The emerging surf-culture brand has made significant inroads into the competitive surfwear market, less than a year after being launched by former Billabong executives and senior staff.
Vissla, whose Australasian operations are headed by John Mossop, Brad Bricknell and Peter Casey, is now in close to 100 stores across Australia as the first spring collection hits the stores.
But according to Mossop, Vissla is generating an equally big buzz with its women’s range – called Amuse Society – as the group moves to fill a void in the market.
“We’ve had a very strong response to the first season of Vissla and now we’re now being somewhat overwhelmed with the response to the first range from Amuse Society,” says Mossop.
“The girls have been attending all of the major trade shows in the US in recent months and the response has been incredibly strong.
“The brand has found a niche straddling somewhere between surf and higher-end beach fashion and there is a real anticipation building among retailers.”
Vissla and Amuse Society are global brands owned by Stokehouse Unlimited and have operations in the US, Europe and Australasia.
The US division is headed by former Billabong US boss Paul Naude, while Europe is being driven by former Billabong CEO Derek O’Neill.
The Australasian division is based at Burleigh Heads, at the coalface of the Australian surfing industry and just a stone’s throw from Billabong’s (ASX: BBG) Australian headquarters.
After launching with Vissla, Amuse Society and sunglass brand D’Blanc early this year, Stokehouse has generated a strong social media presence.
The company has gained traction in the US market in particular, where Naude has placed stock in major independent surf accounts around the country as the thirst for new brands grows.
The global surfwear industry has undergone major upheaval in recent years, driven in part by the troubles that have beset Gold Coast surfing icon Billabong.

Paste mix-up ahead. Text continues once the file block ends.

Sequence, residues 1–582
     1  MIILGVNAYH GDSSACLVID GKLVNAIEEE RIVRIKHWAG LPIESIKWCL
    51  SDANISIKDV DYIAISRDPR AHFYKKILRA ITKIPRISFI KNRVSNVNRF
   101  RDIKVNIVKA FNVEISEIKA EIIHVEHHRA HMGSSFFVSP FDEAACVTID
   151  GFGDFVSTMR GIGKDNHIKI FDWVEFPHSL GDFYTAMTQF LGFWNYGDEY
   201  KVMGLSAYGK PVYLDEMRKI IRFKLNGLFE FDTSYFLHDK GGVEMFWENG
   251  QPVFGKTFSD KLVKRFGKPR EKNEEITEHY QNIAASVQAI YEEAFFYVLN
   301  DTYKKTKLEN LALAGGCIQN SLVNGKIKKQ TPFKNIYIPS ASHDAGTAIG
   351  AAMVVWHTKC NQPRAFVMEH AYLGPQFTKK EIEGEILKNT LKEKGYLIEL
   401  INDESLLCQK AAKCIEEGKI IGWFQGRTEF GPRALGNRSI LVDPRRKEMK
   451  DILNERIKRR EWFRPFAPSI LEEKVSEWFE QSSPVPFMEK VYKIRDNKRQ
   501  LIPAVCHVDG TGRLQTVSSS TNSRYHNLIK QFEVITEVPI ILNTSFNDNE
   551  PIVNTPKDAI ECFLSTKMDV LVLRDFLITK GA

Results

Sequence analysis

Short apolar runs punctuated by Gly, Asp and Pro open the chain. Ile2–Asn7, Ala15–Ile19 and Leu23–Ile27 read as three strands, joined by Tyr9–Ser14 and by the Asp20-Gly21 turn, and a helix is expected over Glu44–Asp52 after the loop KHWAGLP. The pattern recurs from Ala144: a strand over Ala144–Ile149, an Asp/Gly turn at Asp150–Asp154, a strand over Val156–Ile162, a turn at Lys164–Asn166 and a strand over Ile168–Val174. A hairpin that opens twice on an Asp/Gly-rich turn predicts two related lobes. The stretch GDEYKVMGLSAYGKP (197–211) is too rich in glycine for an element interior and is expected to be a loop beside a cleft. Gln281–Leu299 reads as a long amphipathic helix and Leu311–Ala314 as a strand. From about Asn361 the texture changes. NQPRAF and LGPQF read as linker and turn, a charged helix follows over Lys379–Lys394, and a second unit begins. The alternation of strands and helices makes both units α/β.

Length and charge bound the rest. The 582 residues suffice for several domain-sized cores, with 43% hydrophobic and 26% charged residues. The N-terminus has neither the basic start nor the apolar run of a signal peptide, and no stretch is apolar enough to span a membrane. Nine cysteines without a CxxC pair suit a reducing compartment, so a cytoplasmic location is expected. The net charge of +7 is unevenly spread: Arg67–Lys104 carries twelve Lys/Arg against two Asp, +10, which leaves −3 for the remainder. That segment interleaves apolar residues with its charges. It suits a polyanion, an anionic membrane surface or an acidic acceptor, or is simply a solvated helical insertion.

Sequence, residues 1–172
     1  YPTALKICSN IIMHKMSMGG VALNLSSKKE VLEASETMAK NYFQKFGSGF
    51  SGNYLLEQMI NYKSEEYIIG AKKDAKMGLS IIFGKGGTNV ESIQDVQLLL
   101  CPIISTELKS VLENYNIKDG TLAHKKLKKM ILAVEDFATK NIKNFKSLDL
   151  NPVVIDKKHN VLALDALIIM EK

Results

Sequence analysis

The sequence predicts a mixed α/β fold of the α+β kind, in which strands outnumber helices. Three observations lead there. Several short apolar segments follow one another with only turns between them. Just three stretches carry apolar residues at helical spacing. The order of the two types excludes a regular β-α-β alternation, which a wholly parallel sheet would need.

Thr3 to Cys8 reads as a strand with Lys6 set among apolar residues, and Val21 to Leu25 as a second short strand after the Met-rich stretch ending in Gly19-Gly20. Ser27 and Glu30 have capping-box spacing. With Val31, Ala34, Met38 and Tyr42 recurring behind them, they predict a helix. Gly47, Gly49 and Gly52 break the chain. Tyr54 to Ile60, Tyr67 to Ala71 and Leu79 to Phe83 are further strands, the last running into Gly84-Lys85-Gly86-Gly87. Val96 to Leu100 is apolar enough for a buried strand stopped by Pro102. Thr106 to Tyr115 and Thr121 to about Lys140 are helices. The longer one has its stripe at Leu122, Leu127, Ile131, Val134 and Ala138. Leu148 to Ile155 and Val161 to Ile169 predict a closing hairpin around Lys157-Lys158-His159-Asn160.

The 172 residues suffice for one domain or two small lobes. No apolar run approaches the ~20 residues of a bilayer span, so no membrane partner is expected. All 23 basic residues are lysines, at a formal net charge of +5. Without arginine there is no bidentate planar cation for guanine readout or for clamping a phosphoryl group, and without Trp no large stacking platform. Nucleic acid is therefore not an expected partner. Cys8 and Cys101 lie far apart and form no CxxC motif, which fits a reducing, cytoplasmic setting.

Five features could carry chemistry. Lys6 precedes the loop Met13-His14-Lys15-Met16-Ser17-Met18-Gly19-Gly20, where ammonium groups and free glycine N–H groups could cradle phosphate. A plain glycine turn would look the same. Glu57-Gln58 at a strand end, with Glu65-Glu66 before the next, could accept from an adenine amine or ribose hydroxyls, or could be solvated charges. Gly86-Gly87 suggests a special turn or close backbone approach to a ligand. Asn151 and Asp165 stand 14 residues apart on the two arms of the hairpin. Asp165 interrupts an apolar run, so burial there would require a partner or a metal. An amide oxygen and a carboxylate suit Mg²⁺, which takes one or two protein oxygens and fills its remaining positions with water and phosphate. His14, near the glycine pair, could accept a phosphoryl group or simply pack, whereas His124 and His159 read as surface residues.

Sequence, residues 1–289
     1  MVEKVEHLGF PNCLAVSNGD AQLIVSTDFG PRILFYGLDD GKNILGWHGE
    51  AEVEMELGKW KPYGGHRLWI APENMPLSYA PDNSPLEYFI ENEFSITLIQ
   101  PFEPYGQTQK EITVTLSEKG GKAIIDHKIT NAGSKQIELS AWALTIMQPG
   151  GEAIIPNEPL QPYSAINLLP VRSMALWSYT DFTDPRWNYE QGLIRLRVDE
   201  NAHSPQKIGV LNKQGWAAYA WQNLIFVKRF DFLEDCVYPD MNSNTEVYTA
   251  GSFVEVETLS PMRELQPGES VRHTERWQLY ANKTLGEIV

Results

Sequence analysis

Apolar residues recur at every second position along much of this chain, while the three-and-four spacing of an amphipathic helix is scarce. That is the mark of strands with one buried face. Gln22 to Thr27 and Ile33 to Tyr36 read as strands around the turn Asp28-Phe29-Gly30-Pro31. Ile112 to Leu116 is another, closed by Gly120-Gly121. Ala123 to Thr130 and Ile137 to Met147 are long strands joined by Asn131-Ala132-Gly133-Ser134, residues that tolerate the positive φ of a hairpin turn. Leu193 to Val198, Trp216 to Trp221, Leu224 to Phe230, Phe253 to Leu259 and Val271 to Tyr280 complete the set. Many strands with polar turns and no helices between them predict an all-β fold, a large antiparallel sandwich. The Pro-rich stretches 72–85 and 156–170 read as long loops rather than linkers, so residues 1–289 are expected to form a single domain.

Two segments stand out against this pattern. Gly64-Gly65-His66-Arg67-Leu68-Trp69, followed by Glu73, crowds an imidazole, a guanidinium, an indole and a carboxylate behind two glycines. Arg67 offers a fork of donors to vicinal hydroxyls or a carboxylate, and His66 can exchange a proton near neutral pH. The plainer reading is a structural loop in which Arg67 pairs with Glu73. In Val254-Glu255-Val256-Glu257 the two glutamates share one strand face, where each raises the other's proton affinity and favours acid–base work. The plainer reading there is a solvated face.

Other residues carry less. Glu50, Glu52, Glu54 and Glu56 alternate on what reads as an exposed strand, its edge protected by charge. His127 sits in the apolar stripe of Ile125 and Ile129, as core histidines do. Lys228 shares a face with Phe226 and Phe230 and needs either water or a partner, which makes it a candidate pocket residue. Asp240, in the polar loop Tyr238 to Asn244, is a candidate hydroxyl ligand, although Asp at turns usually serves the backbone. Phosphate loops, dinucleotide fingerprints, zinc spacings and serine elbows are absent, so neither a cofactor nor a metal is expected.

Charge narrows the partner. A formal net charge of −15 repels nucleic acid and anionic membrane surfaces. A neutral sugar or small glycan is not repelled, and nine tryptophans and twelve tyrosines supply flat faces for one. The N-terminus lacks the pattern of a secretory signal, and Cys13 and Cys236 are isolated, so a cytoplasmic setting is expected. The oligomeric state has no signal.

Billabong, which is now effectively in US hands led by the Los Angeles-based CEO Neil Fiske following a debt restructure with private equity interests, has been shedding assets for the past two years in a bid to stabilise its fortunes.
The uncertainty about the future of some major brands in the industry has opened the way for a wave of new brands to hit the market, many of them created by seasoned players who have found themselves seeking new opportunities as a result of the shakeout.
Among these is Gold Coast surfer and former Billabong executive Luke Egan, who with partners is planning the launch of a new surf brand called Depactus.
Vissla is at the front of the new-brand pack, driven by the connections created across the industry by the likes of Naude and O’Neill.
After launching earlier this year, the brand was little known outside the surfing community.
Mossop says the growth since then has been explosive, although he concedes the test in the Australian market will come during the coming summer season.
“We’re greatly appreciative of the retailers who are buying into our brands,” he says.
“They’ve taken a leap of faith based on the parties involved and our tight distribution and we hope to see them rewarded with strong sell-through as the weather starts to warm in the back half of the year.”
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